CAIRO (Reuters) - Morning coffee is brewing on the wood fire outside Mohamed Awad’s plastic sheeting shelter in Tahrir Square, the hub of the Egyptian protest movement demanding the resignation of President Hosni Mubarak.
At a makeshift stall nearby he can buy a wide selection of newspapers to read over breakfast. After rare light rain overnight the sun is up, and sleepy heads are coming out of the blankets where they have spent another quiet night.
Mubarak supporters who attacked the protesters for three days with rocks and petrol bombs last week and charged them on camels and horses, have backed off. The Egyptian army is doing its usual thing -- not very much.
A hard core of protesters, backed by a broad popular movement which has brought millions out on the streets, say they are determined to stay in the square in central Cairo until Mubarak, after 30 years in office, gives up and leaves.
They are settling down for the long haul, in some cases abandoning their former lives for a cause they believe in.
People have brought in more dumpsters for rubbish, one of them labeled “Headquarters of the National Democratic Party” -- the Mubarak party which has been a target of their anger.
Except for two quick trips home to Shubra in north Cairo, Awad has been in Tahrir Square most of the time since January 28, the ‘Day of Anger’ when the protest movement made the transition from a small middle-class group into a broad-based wave.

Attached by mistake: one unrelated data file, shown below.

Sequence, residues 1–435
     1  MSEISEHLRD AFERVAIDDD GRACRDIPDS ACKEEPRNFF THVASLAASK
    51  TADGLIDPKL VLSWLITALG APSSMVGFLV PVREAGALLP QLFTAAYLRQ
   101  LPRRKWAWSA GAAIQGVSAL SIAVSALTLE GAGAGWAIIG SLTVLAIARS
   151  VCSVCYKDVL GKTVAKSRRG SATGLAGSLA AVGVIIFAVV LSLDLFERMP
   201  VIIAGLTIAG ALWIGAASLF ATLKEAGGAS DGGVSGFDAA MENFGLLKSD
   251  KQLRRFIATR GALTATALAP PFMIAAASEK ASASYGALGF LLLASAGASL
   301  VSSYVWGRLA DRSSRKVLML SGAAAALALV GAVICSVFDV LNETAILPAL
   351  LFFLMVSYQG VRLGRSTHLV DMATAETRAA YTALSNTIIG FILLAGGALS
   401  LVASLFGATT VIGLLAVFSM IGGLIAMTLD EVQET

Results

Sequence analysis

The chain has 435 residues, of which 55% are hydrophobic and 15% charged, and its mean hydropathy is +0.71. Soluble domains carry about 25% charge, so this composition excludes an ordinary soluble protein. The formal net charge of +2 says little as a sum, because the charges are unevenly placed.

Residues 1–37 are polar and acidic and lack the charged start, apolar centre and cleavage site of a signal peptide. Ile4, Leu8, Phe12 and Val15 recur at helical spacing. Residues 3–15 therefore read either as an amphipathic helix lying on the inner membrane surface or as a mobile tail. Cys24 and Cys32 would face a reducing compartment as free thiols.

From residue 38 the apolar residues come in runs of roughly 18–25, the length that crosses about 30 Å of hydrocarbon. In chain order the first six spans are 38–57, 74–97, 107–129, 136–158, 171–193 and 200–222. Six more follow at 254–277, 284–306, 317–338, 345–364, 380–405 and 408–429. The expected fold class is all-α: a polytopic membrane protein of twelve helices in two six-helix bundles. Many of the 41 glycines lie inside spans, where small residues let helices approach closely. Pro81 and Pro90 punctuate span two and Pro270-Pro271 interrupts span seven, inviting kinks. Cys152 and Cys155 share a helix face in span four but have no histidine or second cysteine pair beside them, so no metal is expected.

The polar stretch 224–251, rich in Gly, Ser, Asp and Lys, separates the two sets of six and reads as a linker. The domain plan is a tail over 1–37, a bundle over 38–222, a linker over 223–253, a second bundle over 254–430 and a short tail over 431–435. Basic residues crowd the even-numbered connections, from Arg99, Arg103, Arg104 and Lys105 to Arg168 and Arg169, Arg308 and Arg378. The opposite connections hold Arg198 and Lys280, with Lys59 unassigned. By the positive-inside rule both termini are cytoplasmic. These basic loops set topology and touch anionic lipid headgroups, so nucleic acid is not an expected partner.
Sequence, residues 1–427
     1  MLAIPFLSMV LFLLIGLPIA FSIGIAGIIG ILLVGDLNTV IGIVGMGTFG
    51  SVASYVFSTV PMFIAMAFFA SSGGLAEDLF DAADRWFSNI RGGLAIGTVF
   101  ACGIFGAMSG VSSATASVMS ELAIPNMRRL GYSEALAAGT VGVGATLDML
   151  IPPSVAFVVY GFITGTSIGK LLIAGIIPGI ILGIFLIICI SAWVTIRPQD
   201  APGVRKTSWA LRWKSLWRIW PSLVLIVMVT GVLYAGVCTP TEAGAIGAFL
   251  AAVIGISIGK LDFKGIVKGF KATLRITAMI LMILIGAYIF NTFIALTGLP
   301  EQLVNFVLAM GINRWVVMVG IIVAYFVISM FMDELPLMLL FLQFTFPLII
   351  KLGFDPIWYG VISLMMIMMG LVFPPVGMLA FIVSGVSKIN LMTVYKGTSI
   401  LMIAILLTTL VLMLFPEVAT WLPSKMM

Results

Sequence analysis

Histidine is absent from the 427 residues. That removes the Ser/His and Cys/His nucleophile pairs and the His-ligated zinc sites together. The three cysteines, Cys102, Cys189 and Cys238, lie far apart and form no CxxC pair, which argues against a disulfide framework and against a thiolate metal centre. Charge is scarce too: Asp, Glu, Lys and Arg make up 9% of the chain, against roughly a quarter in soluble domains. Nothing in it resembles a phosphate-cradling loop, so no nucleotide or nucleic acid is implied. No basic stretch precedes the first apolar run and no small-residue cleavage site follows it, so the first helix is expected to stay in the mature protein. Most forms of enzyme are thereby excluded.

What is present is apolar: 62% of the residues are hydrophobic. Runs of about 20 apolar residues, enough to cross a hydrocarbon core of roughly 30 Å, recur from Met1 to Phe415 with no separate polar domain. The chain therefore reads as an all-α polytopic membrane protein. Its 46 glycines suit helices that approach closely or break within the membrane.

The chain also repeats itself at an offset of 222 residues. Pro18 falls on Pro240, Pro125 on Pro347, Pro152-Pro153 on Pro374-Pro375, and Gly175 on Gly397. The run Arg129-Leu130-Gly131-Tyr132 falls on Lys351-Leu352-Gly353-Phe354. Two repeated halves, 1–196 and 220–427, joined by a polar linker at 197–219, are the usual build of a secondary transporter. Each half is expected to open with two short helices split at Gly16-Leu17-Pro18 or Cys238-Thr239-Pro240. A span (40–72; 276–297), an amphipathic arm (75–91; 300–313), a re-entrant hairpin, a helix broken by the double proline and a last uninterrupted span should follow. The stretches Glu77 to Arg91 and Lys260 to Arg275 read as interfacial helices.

“I’ll be here till he goes,” said Awad, who is 25, unemployed and has a bandage on his forehead, a badge of honor in Tahrir Square. The protesters want to rename it Martyrs Square in memory of the Egyptians who have died. The United Nations says as many as 300 people may have been killed.
Osama Karrar, 42, organizes trade fairs abroad and should have been in Ukraine on business this week. “I’ve given up everything to be here. I’ve travelled a lot and I have seen freedom and I want to see it here,” he said.
“Of course I‘m losing money, but that’s nothing compared with the price of freedom,” he added.
Yahya Haidar, a certified accountant in his 60s and a member of the Muslim Brotherhood, is also deeply committed, opposed even to dialogue with Mubarak’s vice president, Omar Suleiman, who has started talks with members of the opposition on a solution to the crisis.
“Dialogue is a waste of time, which is what the regime wants. We don’t want Omar Suleiman. He’s a military man who just gives orders. If he stays, we will stay,” Haidar told Reuters.
The mood has grown increasingly festive as the danger of attack diminishes and the number of participants holds up.
Muslim-Christian unity was one of the themes on Sunday. Members of Egypt’s Coptic Christian minority said mass in the square and many of the placards combined the Muslim crescent and the Christian cross. “Hand in hand” was a common chant.
The other theme was honor to the martyrs. People held up photographs of them and said special prayers for their souls.
Outside the enclave held by the protest movement, normal life is beginning to resume in the city of more than 15 million. The banks reopened on Sunday, along with some other businesses closed for the past 10 days.
But not everyone is happy with the disruption. “Those kids in Tahrir are just a bunch of troublemakers and they are ruining business. They need to go home so we can get on with our lives,” said a Christian money changer. He declined to give his name, saying he was frightened the Brotherhood would come to power.
Editing by Mark Trevelyan